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George C. Lodge
George C. Lodge
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A Note from Paul Solman: A Republican of long lineage, but a Democrat for the past 10 years, George Cabot Lodge taught for decades at the Harvard Business School and helped start the “Biggie” (BGIE) program: “Business, Government and the International Environment.” His great grandfather was Henry Cabot Lodge, Sr., the senator key to undermining the League of Nations — because it would tie the hands of the U.S. in foreign affairs. George’s father was Henry Cabot Lodge, Jr., who ran as Richard Nixon’s vice presidential candidate in 1960. And George himself ran against a Kennedy (Teddy) for the Massachusetts senate seat in 1962, as his father had run against another (John F.) a decade earlier.
He is an occasional contributor to Making Sen$e, last writing in March about the economic policy President Barack Obama should pursue with Russia, and before that, arguing ahead of the 2012 elections that America doesn’t practice what it preaches.
He now returns to Making Sen$e to comment once again on foreign policy, specifically to praise Mr. Obama’s diplomatic efforts with Cuba. Before America’s historic opening with Cuba earlier this month, Making Sen$e contributor Lew Mandell predicted that capitalism in Cuba was closer than the U.S. thought, based on his own trip to the country this past spring. For a sense of the change afoot even earlier, watch my two reports from Cuba in 2001 (below), where I witnessed those capitalist flirtations and the futility of the embargo.
— Paul Solman
The last time that I was privileged to occupy space on this blog – a few months ago – it was to praise the sure-footed diplomacy of President Barack Obama in dealing with Russian President Vladimir Putin. I suggested that the Ukrainian affair would end with Putin seeking help to service his prodigious debt. Using a football analogy, this would indeed be a rare moment, the offense asking for help from the defense.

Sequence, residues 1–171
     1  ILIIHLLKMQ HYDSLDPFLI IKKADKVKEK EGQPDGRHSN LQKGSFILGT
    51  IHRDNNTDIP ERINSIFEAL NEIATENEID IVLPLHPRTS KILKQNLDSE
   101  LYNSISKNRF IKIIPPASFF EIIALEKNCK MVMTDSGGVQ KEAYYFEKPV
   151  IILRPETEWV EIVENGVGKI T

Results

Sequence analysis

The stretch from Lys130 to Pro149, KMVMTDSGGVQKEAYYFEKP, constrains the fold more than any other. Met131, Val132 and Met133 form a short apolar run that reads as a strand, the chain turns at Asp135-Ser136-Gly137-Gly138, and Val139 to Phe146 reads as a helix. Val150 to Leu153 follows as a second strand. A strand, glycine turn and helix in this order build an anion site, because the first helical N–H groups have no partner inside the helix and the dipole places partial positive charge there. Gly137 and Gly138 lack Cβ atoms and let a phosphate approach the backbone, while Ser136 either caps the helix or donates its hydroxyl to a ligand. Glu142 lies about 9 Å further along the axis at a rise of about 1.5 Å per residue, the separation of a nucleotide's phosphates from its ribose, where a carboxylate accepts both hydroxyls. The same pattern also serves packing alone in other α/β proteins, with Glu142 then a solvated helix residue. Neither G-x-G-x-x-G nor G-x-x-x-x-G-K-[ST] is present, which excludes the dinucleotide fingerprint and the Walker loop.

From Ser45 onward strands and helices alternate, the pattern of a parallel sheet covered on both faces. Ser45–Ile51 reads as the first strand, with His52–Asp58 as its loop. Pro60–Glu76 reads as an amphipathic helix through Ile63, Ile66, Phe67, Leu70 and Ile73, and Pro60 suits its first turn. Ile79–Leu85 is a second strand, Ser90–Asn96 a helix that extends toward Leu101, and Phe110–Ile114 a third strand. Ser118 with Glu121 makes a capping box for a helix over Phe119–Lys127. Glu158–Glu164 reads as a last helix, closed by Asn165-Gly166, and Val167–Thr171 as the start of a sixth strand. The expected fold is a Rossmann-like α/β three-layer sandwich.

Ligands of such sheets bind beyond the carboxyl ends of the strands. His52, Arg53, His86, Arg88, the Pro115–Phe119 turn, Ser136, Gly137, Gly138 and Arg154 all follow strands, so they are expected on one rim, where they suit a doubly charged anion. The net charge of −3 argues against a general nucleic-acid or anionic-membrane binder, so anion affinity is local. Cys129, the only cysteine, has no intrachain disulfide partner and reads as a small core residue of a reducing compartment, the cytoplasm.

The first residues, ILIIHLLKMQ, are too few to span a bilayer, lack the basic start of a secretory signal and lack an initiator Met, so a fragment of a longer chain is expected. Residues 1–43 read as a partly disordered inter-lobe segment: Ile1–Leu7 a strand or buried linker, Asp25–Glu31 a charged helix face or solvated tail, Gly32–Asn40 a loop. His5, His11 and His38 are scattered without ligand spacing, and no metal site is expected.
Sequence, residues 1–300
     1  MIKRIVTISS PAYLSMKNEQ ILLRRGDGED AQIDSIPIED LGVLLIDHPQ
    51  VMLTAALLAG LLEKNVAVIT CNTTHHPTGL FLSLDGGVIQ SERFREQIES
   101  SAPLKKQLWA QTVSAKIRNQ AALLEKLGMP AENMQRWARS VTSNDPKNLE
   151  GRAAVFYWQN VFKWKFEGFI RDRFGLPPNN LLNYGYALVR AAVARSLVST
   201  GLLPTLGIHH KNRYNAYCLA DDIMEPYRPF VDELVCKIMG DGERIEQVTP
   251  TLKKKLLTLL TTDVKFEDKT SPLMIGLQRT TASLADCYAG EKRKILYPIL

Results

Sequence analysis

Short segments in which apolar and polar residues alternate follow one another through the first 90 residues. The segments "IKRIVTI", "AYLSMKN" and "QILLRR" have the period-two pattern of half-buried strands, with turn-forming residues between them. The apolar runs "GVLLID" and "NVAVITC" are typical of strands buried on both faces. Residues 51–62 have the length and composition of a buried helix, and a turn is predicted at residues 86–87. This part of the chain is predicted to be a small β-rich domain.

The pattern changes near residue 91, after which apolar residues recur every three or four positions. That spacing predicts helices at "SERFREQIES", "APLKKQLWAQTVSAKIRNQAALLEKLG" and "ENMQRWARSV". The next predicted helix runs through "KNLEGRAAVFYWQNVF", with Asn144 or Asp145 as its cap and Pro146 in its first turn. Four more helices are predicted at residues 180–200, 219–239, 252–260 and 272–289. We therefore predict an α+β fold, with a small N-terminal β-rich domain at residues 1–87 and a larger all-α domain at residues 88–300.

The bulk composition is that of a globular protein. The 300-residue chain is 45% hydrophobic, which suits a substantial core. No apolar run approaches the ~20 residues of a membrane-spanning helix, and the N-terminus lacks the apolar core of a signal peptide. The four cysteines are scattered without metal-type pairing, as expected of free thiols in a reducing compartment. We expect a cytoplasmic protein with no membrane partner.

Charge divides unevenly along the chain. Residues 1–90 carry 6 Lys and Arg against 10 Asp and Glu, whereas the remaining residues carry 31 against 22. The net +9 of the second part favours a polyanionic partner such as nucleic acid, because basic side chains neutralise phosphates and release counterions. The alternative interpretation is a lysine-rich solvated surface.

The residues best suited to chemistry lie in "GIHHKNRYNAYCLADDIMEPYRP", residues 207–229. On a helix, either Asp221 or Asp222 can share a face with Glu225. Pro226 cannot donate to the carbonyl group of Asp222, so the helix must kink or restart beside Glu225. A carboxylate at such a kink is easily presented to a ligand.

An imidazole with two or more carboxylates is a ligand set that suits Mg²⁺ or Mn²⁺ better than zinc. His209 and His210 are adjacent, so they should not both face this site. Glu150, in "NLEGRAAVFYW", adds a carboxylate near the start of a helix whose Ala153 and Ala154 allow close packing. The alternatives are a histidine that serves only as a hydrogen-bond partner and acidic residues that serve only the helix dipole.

Now Mr. Obama has scored again opening a new relationship with Cuba. It should have happened long ago, but still Republicans are against it.
Why do they want to deny the Cuban people the better life that will come with U.S. investment in their country and deny American business new opportunities? Ending Cuban isolation and opening its economy will expose the island to world markets and thus prod the government to adopt policies that promote international competitiveness, encouraging, instead of suppressing, innovation and enterprise. The result will not only be better jobs and higher incomes for Cubans but also a more open and humane society.
The Republican opponents to Mr. Obama’s plan seem to think that a U.S. embassy in Havana would bring legitimacy to an authoritarian regime of which we disapprove. The reverse is true. Years of isolation have protected if not fostered the regime, much as in North Korea. And according to the opponents’ logic, we should shut down our embassies in Moscow, Beijing and quite a few other places. Diplomatic recognition does not mean approval; it means recognition, no more no less.
Although we respect and do our best to practice democracy, it is important to recognize that democracy comes in many forms and varieties. Singapore comes to mind. Since its creation in the 1950s, it has had essentially one political party. Although popular representation – democracy – has flourished within that party, until recently, opposition parties were strenuously discouraged. At the same time, Singapore has become one of the economic wonders of the world. It is among the nations with the highest per capita income and the highest living standards, and it is at or near the top in health, education and housing. Those in the Congress who regard government as a scarcely necessary evil should note that government played a central and pervasive role in Singapore’s development.
Whatever path it chooses, it is time for the United States to use diplomacy to help convert Cuba from being a former foe to becoming a future friend. It is also time for Republicans to rein in their unthinking antagonism to Mr. Obama’s good ideas.
Editor’s Note: Paul’s introduction originally referred to Lodge as a longtime Republican, but has since been updated to reflect the fact that he became a registered Democrat 10 years ago.
Watch Paul Solman’s 2001 reports below:
George C. Lodge is professor emeritus at the Harvard Business School, where helped start the “Biggie” (BGIE) program: “Business, Government and the International Environment.” Before coming to Harvard in the 1963, he was the Assistant Secretary of Labor for International Affairs in the Eisenhower and Kennedy Administrations.
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